Many countries use financial aids to expedite public-private partnership (PPP) projects, depending on their financial status and/or demand for additional infrastructure. Minimum revenue guarantees (MRGs) are one financial aid option that costs the Korean government US$2.7 billion in liabilities annually. To reduce these considerable expenditures, this study proposes resolving financial conflicts using a three-phase game framework with a bargaining phase, a ratification phase, and a decision-making phase. The first two phases are adopted from traditional two-level game theory, and the last phase is added to support sequential negotiations and multiple buyers. To confirm the usability of proposed framework, the authors conduct illustrative case applications with two representative real-life PPP cases. Case 1 shows that qualitative bargaining power can be accurately quantified, and Case 2 demonstrates that empirically calculated values can be used in negotiation practice. The framework proposed in this study reduces the range of negotiation, the time required to negotiate, and the damage caused by conflicts. Additionally, the frame is expected to support strategic negotiations and well-structured decisions in financial conflicts between key stakeholders.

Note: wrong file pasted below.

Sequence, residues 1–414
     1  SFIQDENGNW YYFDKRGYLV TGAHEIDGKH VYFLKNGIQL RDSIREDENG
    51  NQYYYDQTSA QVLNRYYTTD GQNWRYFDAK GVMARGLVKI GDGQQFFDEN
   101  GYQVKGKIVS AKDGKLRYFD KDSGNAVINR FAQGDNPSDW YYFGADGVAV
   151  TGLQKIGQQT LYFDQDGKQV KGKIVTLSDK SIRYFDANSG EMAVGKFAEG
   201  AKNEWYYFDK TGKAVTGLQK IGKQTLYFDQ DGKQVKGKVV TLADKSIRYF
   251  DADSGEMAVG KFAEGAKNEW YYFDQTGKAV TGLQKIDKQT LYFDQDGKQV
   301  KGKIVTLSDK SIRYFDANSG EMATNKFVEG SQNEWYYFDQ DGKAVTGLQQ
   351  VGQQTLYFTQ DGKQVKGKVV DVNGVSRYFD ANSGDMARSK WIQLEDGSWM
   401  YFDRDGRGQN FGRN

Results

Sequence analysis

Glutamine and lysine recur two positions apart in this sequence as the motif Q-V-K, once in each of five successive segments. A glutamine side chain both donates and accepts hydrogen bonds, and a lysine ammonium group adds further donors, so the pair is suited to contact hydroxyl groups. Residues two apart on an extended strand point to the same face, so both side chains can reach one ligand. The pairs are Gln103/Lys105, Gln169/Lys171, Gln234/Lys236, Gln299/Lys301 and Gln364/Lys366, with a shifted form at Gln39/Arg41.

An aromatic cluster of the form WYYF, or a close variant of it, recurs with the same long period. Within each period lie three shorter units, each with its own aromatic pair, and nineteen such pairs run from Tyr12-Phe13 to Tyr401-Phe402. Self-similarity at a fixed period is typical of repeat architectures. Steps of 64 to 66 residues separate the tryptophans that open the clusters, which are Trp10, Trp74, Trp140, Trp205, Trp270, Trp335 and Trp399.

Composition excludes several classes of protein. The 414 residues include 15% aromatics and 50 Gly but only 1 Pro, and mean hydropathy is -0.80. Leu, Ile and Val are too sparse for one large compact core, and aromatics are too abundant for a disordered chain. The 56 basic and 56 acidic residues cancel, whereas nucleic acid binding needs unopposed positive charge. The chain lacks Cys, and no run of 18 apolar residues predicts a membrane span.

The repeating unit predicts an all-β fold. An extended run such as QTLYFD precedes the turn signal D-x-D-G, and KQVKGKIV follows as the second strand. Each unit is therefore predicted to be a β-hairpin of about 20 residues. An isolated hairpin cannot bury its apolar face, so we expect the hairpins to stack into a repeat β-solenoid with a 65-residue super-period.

|Journal||Journal of Construction Engineering and Management|
|Publication status||Published - 2018 Mar 1|
Bibliographical notePublisher Copyright:
© 2017 American Society of Civil Engineers.
All Science Journal Classification (ASJC) codes
- Civil and Structural Engineering
- Building and Construction
- Industrial relations
- Strategy and Management